This is in contrast to, say, the newly merged Australian Retirement Trust whose chief executive Bernard Reilly recently told Investment magazine how his younger member demographic allowed for more long term investments including infrastructure.
CFS’s role as the largest private payer of pensions means that liquidity management is high on its disciplines.
Tully says CFS paid out some $1.3 billion to members in 2020 in the two early release of super programs which followed the start of Covid-19.
“We were able to meet that without issue,” he said.
Choice of risk profiles
He said CFS offers its clients a number of different risk profiles depending on their stage of life and their appetite for exposure.
“We are really in the choice space. People can select their own risk profile,” he said.
“If you want to have a high exposure to growth assets we have a product for you, if you want to be more conservative, we have a product for that.
“It is about having products which are true to their label and making sure they are well diversified within that particular risk profile.”
Retained independent board
Tully strongly rejected suggestions that KKR’s buy in of CFS would see the US private equity giant move to strip out costs from the company.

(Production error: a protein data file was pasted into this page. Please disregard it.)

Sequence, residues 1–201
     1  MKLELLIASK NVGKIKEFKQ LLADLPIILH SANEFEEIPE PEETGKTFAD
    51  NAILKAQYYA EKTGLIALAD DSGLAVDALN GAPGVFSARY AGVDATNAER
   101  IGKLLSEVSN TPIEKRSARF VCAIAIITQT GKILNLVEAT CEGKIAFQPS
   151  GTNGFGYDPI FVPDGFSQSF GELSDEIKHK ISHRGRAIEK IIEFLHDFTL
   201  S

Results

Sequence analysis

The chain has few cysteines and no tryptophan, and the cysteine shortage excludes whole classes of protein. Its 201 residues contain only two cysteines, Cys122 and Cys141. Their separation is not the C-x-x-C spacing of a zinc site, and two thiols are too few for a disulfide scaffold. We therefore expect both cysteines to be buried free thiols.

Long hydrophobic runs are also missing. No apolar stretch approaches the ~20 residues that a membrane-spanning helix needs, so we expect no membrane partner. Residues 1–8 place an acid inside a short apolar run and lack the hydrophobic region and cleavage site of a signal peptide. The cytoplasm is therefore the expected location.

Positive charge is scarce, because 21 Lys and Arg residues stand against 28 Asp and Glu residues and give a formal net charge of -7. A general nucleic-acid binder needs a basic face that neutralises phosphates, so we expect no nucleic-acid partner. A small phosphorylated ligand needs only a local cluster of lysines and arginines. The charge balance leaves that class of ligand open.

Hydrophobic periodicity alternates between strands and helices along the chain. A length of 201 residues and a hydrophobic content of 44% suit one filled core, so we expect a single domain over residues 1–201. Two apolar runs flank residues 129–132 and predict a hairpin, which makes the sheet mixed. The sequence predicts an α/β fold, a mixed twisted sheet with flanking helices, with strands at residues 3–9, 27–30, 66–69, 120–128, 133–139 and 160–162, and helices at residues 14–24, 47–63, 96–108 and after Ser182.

He says KKR’s acquisition of a stake in CFS had prompted a $430 million investment program in the business supported by both of its shareholders.
Tully said CFS had also retained its own independent board since the KKR acquisition was finalised late last year.
Performance test issues
One of the next hurdles facing CFS is whether one of its MySuper products, FirstChoice Employer Super (FCES), will pass the Australian Prudential Regulation Authority’s annual performance test this year.
The fund narrowly missed passing the test last year, the first year of the performance test coming into operation under the federal government’s Your Future, Your Super legislation.
CFS moved quickly in response to the news, reducing the administration fee of funds under management for its First Choice Employer Super products to 0.30 per cent, a saving of $50 a year for members.
It has also appointed BlackRock, one of the world’s largest asset managers with almost $US10 trillion under management, to help with the management of its MySuper investment products.
Under the deal with BlackRock, CFS will maintain ultimate control over the LifeStage funds and will continue to set the investment strategy while BlackRock will “provide CFS’s MySuper products with the resources, insights and investment services needed to deliver outstanding member results”.
“We need to pass the performance test by June this year,” he said. “We are quite confident we will make it.”
Tully maintained CFS had a strong commitment to the environment and social responsibility in its investments.
Last October it announced it was aligning the group with the Paris Agreement and committing to transition its investment portfolios to net zero greenhouse gas emissions by 2050.
This included committing to a 30 per cent target of greenhouse gas emissions from 2019 for its investment portfolios by 2030.
The announcement followed CFS’s move the year before to commit to the United Nations endorsed Principles for Responsible Investment (PRI).
“There is a lot of work being done getting the right policies and processes in place,” Tully said.